Four people will be aboard the New Shepard, the Blue Origin rocket named for the first American in space, when it is set to launch.
NASA said Friday it was seeking proposals from commercial companies for two new private crewed missions to the International Space Station. The first mission would likely take place between fall of 2022 and mid-2023. The second one would follow sometime between mid-2023 and the end of 2023.
Private astronaut missions are a relatively recent initiative from NASA, part of its Commercial low-Earth Orbit (LEO) Development program. For most of humanity’s history in space, trips to the ISS were reserved for astronauts from countries’ respective space agencies.
Houston-based startup Axiom Space was awarded the first private astronaut mission, to take place in January 2022. That mission will carry four private astronauts for an eight-day mission from the Kennedy Space Center in Florida. NASA will pay Axiom $1.69 million for services associated with the mission.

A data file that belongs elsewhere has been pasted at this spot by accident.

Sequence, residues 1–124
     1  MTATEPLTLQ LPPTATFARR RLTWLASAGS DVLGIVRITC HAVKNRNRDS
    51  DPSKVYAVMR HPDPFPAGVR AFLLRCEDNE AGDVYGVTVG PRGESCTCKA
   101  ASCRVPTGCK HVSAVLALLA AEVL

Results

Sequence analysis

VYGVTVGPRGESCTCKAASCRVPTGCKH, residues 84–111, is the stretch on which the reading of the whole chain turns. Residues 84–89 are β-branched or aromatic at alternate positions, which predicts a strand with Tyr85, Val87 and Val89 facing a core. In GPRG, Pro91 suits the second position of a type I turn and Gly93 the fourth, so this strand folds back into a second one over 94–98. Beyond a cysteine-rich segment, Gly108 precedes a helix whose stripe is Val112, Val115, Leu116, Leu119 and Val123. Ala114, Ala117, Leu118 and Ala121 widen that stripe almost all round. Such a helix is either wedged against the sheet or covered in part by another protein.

Each of the new missions can be up to 14 days and proposals are due by July 9. The agency specified that the missions must be brokered by a U.S. company and use approved U.S. transportation spacecraft. (Axiom’s private mission will use a SpaceX Crew Dragon.)
NASA said that enabling private manned missions such as this one may help “develop a robust low-Earth orbit economy where NASA is one of many customers, and the private sector leads the way.” Thanks to the significantly decreased launch costs – due in large part to innovations in rocket reusability, led by SpaceX – as well as a whole new ecosystem of ‘new space’ companies that have sprung up over the last five years, space has become busier than ever.
The agency also said LEO could eventually be used as a “training and proving ground” for the planned Artemis program – humanity’s long-awaited return to the moon – and missions even deeper into the solar system.